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COVID-19 crisis sees surge in domestic retail demand

16 April 2020

Key points:

  • consumer uncertainty prompting change in purchasing behaviour
  • domestic retail demand for red meat remains strong, evolving impact on foodservice
  • mince and sausage key contributors to recent spikes in fresh meat sales.

As the impact of COVID-19 continues to unfold, this has led to a lot of uncertainty amongst consumers across Australia. Whether concerned over their personal health, job security and finance, these factors are prompting a shift in consumers' usual purchasing behaviour.

In early March, as the Australian government began discussing and introducing movement restrictions, there was a rush on many retail stores with consumers seeking to ‘stock-up’ on many essential (and not so essential) items.

Overall, Australian grocery experienced unprecedented sales with March 18% higher than the Christmas month in 2019. This change in purchasing behaviour has been evident not just in food but across many different areas, such as home office equipment and exercise equipment, as consumers adjust to a ‘lockdown’ environment.


A wide range of products across the supermarket have been impacted with consumer stockpiling, initially seen in household staples such as toilet paper, household cleaning, pet food and dry groceries such as pasta. This has then spread to almost every category across the store, leading to significant growth for a number of categories vs. the same period a year ago (Nielsen Homescan). Many supermarkets across Australia responded by implementing restrictions as to how much of a particular item can be purchased, as well as providing support through initiatives such as dedicated shopping hours for vulnerable groups within the community.  

While grocery is currently experiencing strong growth, the domestic foodservice sector has been detrimentally impacted as strict social distancing restrictions take effect (shifts in demand domestic and globally previously discussed here). As a result, many businesses have had to change how they operate, resulting in changes to the workforce including changes in work hours, placing staff on leave or reducing the size of the workforce altogether (ABS).

Strong demand for red meat within supermarkets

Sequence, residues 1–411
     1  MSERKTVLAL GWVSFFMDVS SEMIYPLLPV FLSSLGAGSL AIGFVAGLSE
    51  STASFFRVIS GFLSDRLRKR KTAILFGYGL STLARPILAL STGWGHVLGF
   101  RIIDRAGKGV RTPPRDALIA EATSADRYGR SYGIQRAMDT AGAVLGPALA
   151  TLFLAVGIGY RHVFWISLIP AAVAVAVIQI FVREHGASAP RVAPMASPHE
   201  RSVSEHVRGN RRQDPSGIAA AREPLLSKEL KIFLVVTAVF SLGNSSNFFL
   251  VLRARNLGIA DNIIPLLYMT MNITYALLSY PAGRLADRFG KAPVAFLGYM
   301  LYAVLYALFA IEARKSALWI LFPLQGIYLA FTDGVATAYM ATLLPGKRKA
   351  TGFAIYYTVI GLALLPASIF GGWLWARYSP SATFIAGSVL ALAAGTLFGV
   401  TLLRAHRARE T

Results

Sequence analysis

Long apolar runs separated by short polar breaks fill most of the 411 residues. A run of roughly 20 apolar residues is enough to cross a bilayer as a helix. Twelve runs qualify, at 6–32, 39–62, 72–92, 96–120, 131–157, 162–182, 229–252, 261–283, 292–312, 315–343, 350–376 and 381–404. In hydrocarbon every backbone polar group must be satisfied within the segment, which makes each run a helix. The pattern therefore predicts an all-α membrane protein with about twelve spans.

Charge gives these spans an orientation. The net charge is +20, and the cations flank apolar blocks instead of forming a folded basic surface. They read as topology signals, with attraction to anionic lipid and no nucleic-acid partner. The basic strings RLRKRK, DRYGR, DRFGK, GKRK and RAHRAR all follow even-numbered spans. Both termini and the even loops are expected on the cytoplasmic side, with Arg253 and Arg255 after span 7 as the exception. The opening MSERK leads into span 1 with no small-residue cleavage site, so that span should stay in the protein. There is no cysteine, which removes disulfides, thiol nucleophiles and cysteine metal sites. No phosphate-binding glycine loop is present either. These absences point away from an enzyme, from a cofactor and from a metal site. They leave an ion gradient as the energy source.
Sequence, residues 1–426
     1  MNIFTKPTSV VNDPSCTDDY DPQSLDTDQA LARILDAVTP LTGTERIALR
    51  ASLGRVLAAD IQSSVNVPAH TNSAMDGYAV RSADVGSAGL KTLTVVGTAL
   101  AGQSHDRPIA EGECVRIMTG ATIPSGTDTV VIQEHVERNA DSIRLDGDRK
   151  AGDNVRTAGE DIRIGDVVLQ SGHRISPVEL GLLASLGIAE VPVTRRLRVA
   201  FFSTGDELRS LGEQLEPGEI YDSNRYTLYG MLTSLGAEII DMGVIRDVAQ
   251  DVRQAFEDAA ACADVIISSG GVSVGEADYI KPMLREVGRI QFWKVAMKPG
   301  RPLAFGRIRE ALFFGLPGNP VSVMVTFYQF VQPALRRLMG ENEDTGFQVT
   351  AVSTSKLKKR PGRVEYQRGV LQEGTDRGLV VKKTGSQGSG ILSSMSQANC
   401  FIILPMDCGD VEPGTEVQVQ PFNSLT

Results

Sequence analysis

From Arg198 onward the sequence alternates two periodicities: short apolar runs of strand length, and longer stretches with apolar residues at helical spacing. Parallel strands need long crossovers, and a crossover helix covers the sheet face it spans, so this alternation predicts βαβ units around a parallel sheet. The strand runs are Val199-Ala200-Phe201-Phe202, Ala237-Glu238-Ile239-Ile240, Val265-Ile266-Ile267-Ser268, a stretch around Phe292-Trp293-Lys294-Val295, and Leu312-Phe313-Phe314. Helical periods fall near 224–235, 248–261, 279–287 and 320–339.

Within fresh meat in retail, we have initially seen an uplift both in physical stores, as well as a significant uplift in online grocery sales. While fresh meat online grocery sales grew by 65% in the 4 weeks to end of February, this growth has eased as the supply chain struggles to meet demand (Nielsen Homescan). Butchers have also gained share over this period, in March reaching close to the share of sales experienced at Christmas time.

Over the past four weeks to the end of March, the proportion of households buying fresh beef and lamb in grocery in Australia has increased, as well as an increase in how often they buy it (Nielsen Homescan). As beef mince is such a popular cut (a third of the beef volume purchased by consumers is on mince), it is unsurprising that at peak ‘stockpiling’ some shoppers experienced challenges finding it available in stores. As highlighted below, both beef mince and beef sausages were leading contributors to the surging fresh meat sales see in the March month combing for almost a quarter of the growth seen.


Looking ahead

As many consumers are starting to spend more and more time at home, retail demand for red meat is anticipated to remain strong. This changing environment, however, poses a constant challenge for the retail and foodservice sectors ability to meet and respond to consumer demand. The highly uncertain future impact of COVID-19 means the timeframe for a return to ‘normal’ purchasing behaviour remains unclear.

© Meat & Livestock Australia Limited, 2020